Wishing a Happy Thanksgiving
to Mer’ca today. Please no posts about how it came to be. Enjoy time with your family & freinds, if your lucky enough to have good ones.
Happy Thanksgiving to you! You must be in an interesting position as a Brit, since after all this is partially a celebration of getti…
Wait, no posts about how it came to be? Guess I never get to finish my sentence.
This must be a planet I haven’t heard of and something “came to be” there that I am not aware of. I wonder if they have blue skin like those Avatar critters. I’m glad you have sentiment for them, whoever they are.
Im a naturalized citizen, 4th of July is very awkward
Trying not to mention it specifically by name
I think that rule pertains more to other situations…
Well, that’s my only reason for responding to this thread ruined.
Personally I loathe Thanksgiving. Not because of politics but because this was how Goose was originally replaced by Turkey on UK Christmas dinner menus. Cook a goose for Christmas this year and you will realize what a culinary injustice this was to the world.
Of course, certain culinary sins can be forgiven over time. Never, though, will I ever forget my only Thanksgiving spent in America, and the dinner table travesty of sweet potatoes slathered in sugar, with sweet as diabetic hell cranberry sauce smattered everywhere like a double-fingered salute to the sacred boundary lines between sweet and savory.
All that said, happy Thansgiving!
The bird of choice was initially goose? Interesting. I’d probably say the majority of Americans (myself included) have never even tried goose.
Before you get stereotypical, might I say that travesty certainly doesn’t apply to all? Our family has a German heritage and our holiday table has a fair share of savory dishes like blaukraut and spaetzle. I can assure you those are an apt culinary redemption for the sweet dishes we may also have.
I don’t even like sweet potato.
Alas, food has been abused by politics for many years. Haggis in Scotland was originally made from venison (deer) innards. Then the English came along and declared that the Scots could only use sheep innards as the main ingredient.
There is also an incredible taste difference between the meat of male and female livestock. However, these days, everything we eat is female. Thankfully, I am familiar with the dishes you mention, as these are also traditional dishes in Hungary where I have spent a few Christmases. (Possibly due to the old Aust-Hungarian Empire influence.)
If this is any good news, the landscape is beginning to change at many American tables I know of. As a global trend emerges toward less corn syrup and bread, the traditional Thanksgiving meals are leaning toward diversity. I suppose the influence is even stronger because there are many more mixed cultures within families. Even in the not-so-deep south where I live, the emphasis on a traditional meal is less every year. Protein is still a big deal for most with turkey, chicken and beef taking starring roles. Anyone younger than 60 is starting to realize that diets of sugar, soda and bread have led to more pain and shorter life spans.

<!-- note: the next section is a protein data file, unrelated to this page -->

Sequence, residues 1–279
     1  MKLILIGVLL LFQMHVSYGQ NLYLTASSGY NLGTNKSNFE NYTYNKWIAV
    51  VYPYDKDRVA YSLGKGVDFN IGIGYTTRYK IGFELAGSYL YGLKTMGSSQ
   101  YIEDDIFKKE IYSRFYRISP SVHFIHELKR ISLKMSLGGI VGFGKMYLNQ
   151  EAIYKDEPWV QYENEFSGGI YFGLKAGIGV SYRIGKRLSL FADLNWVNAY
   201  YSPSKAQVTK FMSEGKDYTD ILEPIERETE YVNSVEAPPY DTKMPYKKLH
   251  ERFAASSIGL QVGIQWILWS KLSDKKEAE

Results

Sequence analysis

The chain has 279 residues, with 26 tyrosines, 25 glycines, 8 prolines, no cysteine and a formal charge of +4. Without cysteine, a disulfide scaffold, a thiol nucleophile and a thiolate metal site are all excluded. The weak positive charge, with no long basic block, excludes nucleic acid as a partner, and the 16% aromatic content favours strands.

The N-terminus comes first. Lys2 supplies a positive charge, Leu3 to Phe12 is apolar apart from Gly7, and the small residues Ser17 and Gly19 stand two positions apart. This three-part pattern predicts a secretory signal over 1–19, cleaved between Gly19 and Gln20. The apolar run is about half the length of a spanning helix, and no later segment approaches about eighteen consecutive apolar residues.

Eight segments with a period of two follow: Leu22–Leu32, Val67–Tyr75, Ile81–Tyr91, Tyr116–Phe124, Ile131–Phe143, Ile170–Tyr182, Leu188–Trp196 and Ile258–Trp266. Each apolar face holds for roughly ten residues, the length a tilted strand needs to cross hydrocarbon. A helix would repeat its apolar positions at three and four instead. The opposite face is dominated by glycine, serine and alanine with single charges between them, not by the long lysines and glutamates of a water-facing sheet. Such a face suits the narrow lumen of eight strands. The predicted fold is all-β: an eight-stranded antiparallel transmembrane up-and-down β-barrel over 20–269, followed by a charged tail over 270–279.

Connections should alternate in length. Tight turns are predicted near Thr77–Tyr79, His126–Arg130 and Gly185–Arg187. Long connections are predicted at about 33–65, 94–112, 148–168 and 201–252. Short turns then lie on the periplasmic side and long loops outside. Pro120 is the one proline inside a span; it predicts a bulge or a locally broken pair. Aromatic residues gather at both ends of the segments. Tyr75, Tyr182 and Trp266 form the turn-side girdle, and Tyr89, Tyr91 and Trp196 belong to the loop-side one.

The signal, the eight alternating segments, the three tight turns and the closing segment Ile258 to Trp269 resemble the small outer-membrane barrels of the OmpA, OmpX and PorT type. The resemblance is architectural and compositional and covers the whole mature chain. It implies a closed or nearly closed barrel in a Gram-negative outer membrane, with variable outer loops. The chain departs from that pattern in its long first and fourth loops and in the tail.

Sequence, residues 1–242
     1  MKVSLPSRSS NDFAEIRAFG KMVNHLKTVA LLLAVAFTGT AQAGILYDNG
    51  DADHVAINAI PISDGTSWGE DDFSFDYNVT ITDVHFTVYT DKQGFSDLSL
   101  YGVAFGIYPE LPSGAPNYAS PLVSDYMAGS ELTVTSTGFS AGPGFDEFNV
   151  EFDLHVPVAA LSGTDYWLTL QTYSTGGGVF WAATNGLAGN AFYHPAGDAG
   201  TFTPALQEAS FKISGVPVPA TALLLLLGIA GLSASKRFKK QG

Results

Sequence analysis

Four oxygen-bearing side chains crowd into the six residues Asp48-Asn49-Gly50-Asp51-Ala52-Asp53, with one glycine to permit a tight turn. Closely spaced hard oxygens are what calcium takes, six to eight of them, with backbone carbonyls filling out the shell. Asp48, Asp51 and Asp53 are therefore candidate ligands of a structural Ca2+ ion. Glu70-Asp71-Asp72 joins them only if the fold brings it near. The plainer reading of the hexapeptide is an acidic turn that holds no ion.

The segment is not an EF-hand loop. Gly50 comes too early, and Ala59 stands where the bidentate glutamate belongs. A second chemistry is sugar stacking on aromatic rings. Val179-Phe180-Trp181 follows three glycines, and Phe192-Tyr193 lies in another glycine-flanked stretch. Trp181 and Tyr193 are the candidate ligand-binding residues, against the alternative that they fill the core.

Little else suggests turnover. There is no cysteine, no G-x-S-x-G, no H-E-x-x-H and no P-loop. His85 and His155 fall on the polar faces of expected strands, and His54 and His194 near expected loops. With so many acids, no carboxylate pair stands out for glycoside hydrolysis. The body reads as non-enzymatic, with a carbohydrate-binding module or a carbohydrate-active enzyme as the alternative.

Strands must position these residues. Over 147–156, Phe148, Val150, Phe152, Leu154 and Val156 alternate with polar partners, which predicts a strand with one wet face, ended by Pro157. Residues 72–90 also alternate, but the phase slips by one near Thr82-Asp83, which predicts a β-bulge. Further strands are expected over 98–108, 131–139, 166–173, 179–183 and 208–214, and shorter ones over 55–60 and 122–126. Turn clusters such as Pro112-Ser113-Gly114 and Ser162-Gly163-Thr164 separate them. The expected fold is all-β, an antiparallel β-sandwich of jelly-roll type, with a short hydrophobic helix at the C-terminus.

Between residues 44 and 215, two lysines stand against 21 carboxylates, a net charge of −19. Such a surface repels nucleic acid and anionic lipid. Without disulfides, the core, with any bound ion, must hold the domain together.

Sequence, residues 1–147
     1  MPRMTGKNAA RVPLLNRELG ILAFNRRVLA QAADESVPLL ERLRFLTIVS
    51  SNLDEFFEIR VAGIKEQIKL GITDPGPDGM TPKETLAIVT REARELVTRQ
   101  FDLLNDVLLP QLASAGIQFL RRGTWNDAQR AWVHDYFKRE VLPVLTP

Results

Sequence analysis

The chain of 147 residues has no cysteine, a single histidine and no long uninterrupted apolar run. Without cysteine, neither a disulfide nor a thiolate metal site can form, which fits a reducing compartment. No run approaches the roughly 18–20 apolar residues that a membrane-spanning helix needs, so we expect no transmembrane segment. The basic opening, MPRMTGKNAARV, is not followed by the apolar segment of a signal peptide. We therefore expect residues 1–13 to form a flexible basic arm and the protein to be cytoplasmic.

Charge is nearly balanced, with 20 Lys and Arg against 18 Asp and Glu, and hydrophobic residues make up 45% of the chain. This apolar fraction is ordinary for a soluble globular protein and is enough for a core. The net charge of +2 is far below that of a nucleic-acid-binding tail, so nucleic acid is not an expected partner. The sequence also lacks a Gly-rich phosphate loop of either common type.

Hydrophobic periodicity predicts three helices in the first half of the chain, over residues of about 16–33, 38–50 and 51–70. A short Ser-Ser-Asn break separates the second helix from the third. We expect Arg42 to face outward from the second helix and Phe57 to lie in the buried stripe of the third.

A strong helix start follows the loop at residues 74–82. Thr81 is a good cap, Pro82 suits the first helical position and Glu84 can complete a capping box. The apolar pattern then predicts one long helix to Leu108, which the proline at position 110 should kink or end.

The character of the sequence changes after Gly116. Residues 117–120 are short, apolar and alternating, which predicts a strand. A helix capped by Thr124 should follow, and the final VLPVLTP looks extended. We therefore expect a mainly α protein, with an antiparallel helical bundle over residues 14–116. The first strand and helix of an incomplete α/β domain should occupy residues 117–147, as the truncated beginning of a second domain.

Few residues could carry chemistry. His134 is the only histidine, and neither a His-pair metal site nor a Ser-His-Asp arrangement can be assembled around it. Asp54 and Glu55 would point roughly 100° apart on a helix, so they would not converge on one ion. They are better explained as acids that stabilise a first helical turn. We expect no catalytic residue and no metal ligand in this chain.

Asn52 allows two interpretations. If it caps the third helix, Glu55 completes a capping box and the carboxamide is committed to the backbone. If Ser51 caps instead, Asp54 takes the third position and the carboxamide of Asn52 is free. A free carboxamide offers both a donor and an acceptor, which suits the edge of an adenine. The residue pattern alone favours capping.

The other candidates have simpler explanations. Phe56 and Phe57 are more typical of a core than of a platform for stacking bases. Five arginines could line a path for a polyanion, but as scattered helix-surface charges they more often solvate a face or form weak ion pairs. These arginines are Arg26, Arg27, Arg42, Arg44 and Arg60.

Of course, the holidays are still about excess whether we are talking food or commercial products. I see change, though, and I don’t think I’m the only American who welcomes it. I still don’t think I’d be likely to see a goose on many menus. I wouldn’t trade my own favorite foods for some sort of meat pie or fish n chips accompanied by beer. The stereotypes are not as accurate as they once were, though. (To @wooden_fish - I love spaetzle with lentils, thanks to a favorite exchange student!)
Deep fried Turkey here that’s the way to go. However it’s now considered a weapon of mass destruction. As 900 house’s are set alight by such methods every year . I follow it up with British roast potatoes and a prime rib to balance it out.
You have not lived untill you have tried "“Turducken”
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I’ve heard that. When I ate meat I had turkey quite a few times and duck a few times. I’ve never had them together. I don’t eat meat anymore but luckily for me, meat was never a big thing at all. I love cheese, though, so I wouldn’t be a vegan unless I had zero choice.
It can’t be more awkward than singing the national anthem and taking the pledge of allegiance at the naturalization ceremony. Naturalized citizens have nothing to be ashamed about, they followed the law, did the paperwork, and earned the privilege of citizenship.
Besides, each American celebrates the holidays as he wants. I’ve never gone to a Fourth of July event because I don’t like crowds, and don’t get excited about fireworks unless it’s Disney World, Universal Studios, or some company that knows how to do them.
Also, when I vote, I don’t wear the “I Voted” sticker, it’s nobody’s business if I vote or don’t vote.
I went from sensible sweaters, socks n’ sandles to… Camo & " from my cold dead hands" quite quickly.
We rarely do things “sensibly” here. Independent passion, stubborn determination (good and bad), and a “we will MAKE it happen” drive are the the tried and true American way. We are who we are, and we like it that way.